Philadelphia police steal citizens’ guns

Two stories from the so-called “city of brotherly love”:

First, a woman whose son was murdered decided she needed to protect herself. She legally obtained a concealed carry permit and purchased a gun, only to have the police come to her home, arrest her, and confiscate it. Key quote:

“I thought they were coming to my door to tell me they had my son’s murderer,” [the woman] said. “But they were coming to take me and my gun, and now I’m defenseless.”

In the second story, it appears that Philadelphia police are making a policy to arrest security guards and confiscate their guns, even though the guns were lawfully obtained and legally permitted. At least nine different security guards have experienced this form of Philadelphia thuggery. Key quote from Lieutenant Fran Healy, special adviser to the police commissioner:

“Officers’ safety comes first, and not infringing on people’s rights comes second.”

By the way, Philadelphia is the same city that now wants to charge a $300 business license for anyone writing a blog, regardless of whether they are running a business or hobby, and thus effectively stifling free speech.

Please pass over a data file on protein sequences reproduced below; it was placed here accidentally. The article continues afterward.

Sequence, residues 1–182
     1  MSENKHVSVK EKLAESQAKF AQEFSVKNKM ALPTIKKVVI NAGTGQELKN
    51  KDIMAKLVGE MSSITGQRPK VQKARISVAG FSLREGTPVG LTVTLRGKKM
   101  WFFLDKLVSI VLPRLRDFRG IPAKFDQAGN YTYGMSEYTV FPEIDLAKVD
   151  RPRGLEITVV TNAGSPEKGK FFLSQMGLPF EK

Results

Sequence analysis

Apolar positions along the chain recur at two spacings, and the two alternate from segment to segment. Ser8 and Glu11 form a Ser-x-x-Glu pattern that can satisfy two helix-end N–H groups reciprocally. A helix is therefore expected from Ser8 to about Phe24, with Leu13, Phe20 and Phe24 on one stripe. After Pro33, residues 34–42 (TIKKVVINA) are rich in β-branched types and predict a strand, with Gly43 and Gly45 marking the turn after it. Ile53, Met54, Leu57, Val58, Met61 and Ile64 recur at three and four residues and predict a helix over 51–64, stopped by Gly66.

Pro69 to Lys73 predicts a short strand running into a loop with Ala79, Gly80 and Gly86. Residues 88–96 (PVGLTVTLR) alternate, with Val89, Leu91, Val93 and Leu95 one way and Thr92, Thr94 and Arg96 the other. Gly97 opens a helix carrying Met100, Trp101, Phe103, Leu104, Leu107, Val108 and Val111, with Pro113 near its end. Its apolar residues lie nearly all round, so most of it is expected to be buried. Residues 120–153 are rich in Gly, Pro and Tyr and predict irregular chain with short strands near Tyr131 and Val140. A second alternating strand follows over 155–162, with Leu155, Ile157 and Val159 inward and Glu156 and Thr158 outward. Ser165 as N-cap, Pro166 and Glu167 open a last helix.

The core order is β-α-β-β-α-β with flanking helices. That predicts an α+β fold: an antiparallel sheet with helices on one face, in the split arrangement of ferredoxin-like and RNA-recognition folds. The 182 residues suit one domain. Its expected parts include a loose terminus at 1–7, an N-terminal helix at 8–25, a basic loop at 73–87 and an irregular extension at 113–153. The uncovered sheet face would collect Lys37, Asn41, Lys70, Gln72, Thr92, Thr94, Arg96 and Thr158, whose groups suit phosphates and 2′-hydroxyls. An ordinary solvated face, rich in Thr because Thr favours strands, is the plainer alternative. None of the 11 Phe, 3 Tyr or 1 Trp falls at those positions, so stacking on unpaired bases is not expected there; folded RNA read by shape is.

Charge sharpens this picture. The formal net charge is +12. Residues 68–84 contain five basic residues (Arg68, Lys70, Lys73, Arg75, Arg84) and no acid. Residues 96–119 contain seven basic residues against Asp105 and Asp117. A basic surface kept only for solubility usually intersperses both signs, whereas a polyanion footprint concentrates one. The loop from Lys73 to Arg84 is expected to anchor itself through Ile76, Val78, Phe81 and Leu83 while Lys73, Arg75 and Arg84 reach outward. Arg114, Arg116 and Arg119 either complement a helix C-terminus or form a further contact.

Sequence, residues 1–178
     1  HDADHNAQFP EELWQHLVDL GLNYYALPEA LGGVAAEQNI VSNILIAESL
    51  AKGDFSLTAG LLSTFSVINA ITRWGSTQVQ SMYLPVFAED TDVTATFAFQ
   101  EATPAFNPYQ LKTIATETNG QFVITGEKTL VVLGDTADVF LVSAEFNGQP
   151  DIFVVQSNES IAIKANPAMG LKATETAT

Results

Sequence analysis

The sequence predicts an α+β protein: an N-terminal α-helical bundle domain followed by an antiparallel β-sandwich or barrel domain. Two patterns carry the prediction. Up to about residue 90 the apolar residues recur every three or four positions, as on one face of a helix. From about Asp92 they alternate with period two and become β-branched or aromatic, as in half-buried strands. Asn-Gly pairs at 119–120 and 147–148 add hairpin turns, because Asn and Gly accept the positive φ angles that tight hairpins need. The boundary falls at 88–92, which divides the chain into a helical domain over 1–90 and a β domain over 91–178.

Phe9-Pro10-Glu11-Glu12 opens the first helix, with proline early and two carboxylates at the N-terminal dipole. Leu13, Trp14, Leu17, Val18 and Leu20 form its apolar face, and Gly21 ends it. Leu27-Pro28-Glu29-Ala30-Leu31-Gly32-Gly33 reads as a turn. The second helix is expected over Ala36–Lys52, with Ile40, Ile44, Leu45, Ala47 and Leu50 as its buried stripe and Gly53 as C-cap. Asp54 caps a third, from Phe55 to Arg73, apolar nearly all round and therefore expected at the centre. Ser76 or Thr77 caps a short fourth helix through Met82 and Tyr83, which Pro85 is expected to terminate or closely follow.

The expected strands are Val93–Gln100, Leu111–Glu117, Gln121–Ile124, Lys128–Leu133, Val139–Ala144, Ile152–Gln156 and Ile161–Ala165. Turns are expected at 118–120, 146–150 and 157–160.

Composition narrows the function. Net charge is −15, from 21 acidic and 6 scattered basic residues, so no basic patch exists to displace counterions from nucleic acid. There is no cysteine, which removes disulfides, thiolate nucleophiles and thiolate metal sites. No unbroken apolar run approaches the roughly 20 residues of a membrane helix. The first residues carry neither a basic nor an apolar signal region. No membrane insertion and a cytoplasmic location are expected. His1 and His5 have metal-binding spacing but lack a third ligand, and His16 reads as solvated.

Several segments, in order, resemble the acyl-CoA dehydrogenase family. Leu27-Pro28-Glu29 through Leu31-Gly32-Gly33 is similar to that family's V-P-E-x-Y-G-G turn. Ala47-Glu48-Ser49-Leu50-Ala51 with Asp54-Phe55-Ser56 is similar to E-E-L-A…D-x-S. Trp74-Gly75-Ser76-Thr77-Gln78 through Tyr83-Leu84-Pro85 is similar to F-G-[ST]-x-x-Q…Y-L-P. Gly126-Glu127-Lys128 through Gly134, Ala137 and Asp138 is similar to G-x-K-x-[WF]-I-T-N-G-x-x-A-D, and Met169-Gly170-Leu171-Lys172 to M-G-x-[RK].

A question for the baby boomers

If you are a baby boomer who grew up in the 1960s, such as myself, there are some very safe assumptions that anyone can make about your history and political views, both during the 1960s and the decades that followed.

For example, in the 1960s you were almost certainly against the Vietnam War. You were also likely to oppose President Lyndon Johnson and his Vice-President Hubert Humphrey. You cheered Eugene McCarthy’s anti-war campaign for President, and you probably also despised President Nixon and passionately wished that George McGovern had won the 1972 Presidential campaign.

Almost certainly you participated in some anti-war protests somewhere during the 1960s. Some of you were in Chicago for the protests during the Democratic National Convention in 1968, while others were likely to have participated in the numerous university sit-ins that were rampant throughout the country in the late 1960s.

Sadly, many of you at that time would have probably considered the police “pigs” and the military “evil” (even if those insults seem totally unfair, disgusting, and almost unforgivable to you now).

On a personal level, you probably experimented with drugs, had fun with rock ‘n roll, and even more fun with sex. Many of you also probably participated in the hippie culture at events like Woodstock and places like San Francisco and the Lower Eastside of Manhattan.